The report added that, during the investigation, “it was evident from the meetings held with people who described their employment experience at SSD Concerts that they experienced issues with poor and/or informal business and employment practices. Of those employees who remain at SSD Concerts, all identified that there had been significant improvements since the new operations director and HR lead had joined the business”.

Davis himself said in a statement: “This has been a very sobering process to go through. I haven’t always got things right and if this has affected anyone, I am sorry. I thank all staff past and present for their honesty and feedback which will help the business move forward. I’d like this to be a huge learning experience and I am determined that within a short period of time SSD is being recognised by others as being the fantastic, creative, safe and happy place to work that it now is”.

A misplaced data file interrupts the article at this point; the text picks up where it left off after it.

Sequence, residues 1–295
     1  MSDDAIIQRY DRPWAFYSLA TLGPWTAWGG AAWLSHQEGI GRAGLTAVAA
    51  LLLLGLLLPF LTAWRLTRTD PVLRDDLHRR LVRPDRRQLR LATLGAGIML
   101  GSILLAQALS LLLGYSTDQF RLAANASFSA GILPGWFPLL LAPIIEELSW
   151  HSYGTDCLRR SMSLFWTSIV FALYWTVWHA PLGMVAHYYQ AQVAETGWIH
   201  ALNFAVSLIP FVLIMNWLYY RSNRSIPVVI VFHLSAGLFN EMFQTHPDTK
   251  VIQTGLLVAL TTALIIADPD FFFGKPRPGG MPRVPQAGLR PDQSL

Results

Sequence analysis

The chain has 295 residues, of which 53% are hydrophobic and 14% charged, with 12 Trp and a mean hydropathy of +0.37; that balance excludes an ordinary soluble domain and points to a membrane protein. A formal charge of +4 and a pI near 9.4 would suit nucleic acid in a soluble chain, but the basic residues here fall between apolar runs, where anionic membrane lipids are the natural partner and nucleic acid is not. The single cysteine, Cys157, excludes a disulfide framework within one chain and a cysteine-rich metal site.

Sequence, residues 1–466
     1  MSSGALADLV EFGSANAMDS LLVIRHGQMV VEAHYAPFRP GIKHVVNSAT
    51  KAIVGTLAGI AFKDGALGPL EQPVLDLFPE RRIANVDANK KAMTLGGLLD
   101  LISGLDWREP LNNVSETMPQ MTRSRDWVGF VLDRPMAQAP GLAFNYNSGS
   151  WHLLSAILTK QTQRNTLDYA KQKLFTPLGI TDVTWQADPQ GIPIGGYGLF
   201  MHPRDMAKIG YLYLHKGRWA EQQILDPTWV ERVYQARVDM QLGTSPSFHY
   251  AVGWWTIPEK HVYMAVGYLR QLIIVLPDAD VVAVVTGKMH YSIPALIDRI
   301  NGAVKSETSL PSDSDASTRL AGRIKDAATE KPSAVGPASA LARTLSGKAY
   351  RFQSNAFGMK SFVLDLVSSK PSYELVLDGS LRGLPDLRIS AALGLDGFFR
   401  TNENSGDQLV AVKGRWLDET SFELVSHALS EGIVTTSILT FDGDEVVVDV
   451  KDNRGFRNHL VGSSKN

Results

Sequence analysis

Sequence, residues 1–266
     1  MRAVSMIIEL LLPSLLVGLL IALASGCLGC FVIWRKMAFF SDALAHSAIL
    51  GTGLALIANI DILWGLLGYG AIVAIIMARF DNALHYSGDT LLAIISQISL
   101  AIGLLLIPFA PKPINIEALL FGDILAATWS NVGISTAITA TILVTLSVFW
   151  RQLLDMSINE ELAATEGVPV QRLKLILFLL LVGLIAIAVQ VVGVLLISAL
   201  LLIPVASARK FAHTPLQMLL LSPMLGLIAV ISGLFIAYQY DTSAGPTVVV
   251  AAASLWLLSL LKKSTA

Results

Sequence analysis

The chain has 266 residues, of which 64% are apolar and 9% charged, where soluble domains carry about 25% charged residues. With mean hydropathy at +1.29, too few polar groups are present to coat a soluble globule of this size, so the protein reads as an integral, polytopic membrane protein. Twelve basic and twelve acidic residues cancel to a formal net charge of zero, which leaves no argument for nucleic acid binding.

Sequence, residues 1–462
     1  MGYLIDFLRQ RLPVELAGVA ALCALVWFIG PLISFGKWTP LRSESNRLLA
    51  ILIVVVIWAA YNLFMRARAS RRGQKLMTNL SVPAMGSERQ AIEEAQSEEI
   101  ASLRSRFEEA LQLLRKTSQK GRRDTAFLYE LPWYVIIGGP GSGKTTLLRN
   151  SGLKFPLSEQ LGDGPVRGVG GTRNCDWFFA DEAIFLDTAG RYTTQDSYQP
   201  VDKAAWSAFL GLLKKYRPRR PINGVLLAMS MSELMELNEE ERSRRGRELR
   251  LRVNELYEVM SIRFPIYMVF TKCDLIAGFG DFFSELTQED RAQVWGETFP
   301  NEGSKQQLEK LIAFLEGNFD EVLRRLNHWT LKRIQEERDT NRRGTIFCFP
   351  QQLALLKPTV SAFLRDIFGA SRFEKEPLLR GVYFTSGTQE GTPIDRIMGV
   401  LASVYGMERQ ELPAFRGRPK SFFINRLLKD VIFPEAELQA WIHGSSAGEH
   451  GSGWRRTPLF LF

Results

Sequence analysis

If SSD hoped that the publication of the independent investigator’s report would put the matter to rest, that was not the case. Among its critics, there was an angry response that the company had taken six months to properly respond to the allegations. And many felt that Friday’s statements mainly just said that everything is fine now while failing to properly address the claims that have been made about past conduct.

As a result of all that, several acts pulled out of Saturday’s Hit The North festival, which was promoted by SSD. This included Sports Team, Vistas, Lottery Winners, Fuzzy Sun, Gracey, Lottery Winners, Andrew Cushin, Oscar Lang, Noisy, Hi Sienna and several more – with at least 31 acts withdrawing from the event at the last minute.

The festival, which took place in various venues in Newcastle, offered no comment on the departure of so many acts from its line-up.